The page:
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National Security & Defense

Senate Intel Committee Confirms Russians Hacked Election Systems in 50 States, Didn’t Change Vote Totals

Russian President Vladimir Putin at the Shanghai Cooperation Organisation (SCO) summit, in Moscow, Russia, June 13, 2019. (Alexei Druzhinin/Kremlin via Reuters)

The Senate Intelligence Committee confirmed Friday that Russian hackers targeted election systems in all 50 states in advance of the 2016 elections, but did not attempt to alter any vote totals.

The panel released the first section of a five-volume report on Thursday afternoon that details “an unprecedented level of activity against state election infrastructure” carried out by Russian hackers. While it was previously known that hackers targeted a handful of states in the run up to the election, the report revealed that the effort was more widespread that previously understood.

The committee noted that “Russian cyberactors were in a position to delete or change voter data” but said there is no evidence that any voting totals were changed. As of March, 67 percent of registered Democrats believed that Russian hackers had changed voting totals in the 2016 election, according to a YouGov poll.

The report, which was heavily redacted by the nation’s intelligence agencies, was released just 24 hours after former special counsel Robert Mueller testified before a pair of House committees about his investigation into Russian election interference and possible collusion with the Trump campaign. It also came the same the day that Majority Leader Mitch McConnell blocked Democrats from bringing to the floor election-security legislation that they argue will prevent a repeat of the 2016 breach.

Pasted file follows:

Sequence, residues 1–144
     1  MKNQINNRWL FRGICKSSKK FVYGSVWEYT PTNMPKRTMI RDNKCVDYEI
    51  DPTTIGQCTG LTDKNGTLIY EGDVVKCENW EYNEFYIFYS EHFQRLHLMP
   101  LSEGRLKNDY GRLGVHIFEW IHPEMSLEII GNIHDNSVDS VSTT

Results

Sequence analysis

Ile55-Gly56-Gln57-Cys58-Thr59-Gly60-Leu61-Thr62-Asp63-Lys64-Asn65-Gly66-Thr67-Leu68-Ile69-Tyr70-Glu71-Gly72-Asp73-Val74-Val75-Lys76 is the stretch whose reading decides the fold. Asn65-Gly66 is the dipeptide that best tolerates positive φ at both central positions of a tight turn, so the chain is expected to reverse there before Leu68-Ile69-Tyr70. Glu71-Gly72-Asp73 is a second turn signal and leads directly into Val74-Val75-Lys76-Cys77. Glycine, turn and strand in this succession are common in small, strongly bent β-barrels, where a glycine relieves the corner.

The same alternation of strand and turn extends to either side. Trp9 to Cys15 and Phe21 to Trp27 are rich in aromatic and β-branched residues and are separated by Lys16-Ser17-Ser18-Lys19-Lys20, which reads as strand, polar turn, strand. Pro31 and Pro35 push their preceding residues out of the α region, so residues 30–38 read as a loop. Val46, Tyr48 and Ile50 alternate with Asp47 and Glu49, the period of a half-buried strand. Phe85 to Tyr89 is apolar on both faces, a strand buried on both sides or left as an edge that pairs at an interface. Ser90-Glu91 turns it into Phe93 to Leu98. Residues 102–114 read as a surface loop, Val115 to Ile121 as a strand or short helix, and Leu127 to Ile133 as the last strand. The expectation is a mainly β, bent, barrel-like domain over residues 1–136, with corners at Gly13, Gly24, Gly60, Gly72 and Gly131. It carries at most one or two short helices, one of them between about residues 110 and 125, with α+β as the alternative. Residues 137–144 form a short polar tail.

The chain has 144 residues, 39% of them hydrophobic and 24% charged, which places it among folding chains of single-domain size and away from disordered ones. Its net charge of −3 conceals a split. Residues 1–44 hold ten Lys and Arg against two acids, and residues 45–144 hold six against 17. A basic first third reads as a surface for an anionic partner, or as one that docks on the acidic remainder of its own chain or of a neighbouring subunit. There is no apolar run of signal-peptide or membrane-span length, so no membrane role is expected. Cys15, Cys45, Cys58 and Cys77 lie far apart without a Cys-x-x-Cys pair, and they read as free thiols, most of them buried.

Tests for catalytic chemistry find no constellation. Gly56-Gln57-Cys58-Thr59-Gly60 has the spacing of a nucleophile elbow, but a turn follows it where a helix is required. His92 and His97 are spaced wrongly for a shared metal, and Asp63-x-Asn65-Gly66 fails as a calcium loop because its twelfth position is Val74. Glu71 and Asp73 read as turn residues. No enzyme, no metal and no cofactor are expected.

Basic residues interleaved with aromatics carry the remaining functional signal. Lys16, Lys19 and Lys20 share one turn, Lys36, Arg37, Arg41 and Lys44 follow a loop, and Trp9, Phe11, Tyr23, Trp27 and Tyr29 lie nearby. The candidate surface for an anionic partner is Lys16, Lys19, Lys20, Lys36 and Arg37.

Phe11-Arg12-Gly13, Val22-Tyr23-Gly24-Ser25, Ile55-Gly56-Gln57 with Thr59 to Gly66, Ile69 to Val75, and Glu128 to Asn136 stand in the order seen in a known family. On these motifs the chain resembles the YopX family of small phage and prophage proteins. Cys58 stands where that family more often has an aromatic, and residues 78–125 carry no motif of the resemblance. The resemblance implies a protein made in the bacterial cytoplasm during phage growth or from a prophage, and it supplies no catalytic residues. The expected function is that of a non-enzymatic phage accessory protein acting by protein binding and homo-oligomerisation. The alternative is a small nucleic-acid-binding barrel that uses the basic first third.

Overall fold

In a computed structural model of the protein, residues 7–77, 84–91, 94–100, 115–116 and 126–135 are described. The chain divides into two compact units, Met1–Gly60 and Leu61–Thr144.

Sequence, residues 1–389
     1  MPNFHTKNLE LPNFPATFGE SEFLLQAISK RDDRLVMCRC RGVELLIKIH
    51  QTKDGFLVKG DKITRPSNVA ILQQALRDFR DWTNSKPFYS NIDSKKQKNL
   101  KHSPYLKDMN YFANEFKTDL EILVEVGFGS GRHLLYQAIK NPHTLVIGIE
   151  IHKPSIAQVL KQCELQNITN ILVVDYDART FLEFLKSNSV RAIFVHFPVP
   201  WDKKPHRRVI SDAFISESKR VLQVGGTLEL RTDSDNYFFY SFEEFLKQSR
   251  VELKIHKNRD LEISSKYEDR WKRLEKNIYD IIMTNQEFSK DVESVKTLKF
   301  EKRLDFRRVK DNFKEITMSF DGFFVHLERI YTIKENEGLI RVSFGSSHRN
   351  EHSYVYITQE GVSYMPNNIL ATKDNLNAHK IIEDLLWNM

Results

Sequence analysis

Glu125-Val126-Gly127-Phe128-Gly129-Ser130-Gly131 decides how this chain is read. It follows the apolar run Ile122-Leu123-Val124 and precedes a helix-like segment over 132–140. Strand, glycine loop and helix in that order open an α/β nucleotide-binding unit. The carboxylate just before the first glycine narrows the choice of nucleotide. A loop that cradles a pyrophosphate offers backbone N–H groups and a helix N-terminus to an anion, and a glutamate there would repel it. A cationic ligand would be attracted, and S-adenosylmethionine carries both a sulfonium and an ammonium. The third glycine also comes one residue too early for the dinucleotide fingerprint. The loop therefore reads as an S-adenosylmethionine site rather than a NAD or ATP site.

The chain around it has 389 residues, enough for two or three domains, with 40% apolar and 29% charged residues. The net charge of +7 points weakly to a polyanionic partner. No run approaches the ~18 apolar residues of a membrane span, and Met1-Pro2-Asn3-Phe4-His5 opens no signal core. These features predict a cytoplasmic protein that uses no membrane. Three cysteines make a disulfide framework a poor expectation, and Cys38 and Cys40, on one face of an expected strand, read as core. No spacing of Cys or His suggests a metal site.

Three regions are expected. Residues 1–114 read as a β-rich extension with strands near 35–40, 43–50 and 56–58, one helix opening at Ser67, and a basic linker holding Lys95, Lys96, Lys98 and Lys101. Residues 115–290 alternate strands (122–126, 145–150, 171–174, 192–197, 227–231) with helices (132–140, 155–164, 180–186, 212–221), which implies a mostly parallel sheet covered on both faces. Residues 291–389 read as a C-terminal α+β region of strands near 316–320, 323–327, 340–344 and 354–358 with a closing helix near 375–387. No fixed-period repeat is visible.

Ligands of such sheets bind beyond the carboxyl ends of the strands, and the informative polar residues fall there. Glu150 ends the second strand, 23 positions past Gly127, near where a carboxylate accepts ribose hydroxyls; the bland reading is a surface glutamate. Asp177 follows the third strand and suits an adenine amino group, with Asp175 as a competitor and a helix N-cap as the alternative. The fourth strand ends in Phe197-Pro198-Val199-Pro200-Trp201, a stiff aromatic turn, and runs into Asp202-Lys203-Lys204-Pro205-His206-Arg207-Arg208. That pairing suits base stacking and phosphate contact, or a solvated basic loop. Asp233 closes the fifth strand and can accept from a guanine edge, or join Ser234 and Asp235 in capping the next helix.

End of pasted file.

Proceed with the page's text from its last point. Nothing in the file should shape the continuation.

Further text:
McConnell, in his remarks Thursday, cast the legislation as an unnecessary intrusion by the federal government into a process historically controlled by the states.

“It’s just a highly partisan bill from the same folks who spent two years hyping up a conspiracy theory about President Trump and Russia and who continue to ignore this administration’s progress at correcting the Obama administration’s failure on this subject,” McConnell said of the Democratic legislation.

Democratic leadership has argued that their Republican colleagues oppose the legislation because it casts a shadow over Trump’s victory. Minority Leader Chuck Schumer echoed that sentiment during his Thursday response to McConnell, suggesting any opposition to the bill placed party over country.

“This is not a Democratic issue, a Republican issue,” Schumer said. “This is not a liberal issue, a moderate issue, a conservative issue. This is an issue of patriotism, of national security, of protecting the very integrity of American democracy, something so many of our forbears died for.”

“And what do we hear from the Republican side?” he added. “Nothing.”

Congress passed legislation last year that provides $380 million in grants for states to improve their election systems’ security protocols, a figure Democrats maintain is completely incommensurate with the scale of the systems’ vulnerabilities.

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